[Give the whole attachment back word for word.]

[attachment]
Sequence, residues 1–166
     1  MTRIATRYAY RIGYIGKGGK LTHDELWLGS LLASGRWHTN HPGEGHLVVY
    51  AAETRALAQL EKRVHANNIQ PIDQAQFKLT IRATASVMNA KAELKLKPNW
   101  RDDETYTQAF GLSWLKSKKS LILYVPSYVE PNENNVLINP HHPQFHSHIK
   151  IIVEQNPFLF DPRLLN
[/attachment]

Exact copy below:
Sequence, residues 1–166
     1  MTRIATRYAY RIGYIGKGGK LTHDELWLGS LLASGRWHTN HPGEGHLVVY
    51  AAETRALAQL EKRVHANNIQ PIDQAQFKLT IRATASVMNA KAELKLKPNW
   101  RDDETYTQAF GLSWLKSKKS LILYVPSYVE PNENNVLINP HHPQFHSHIK
   151  IIVEQNPFLF DPRLLN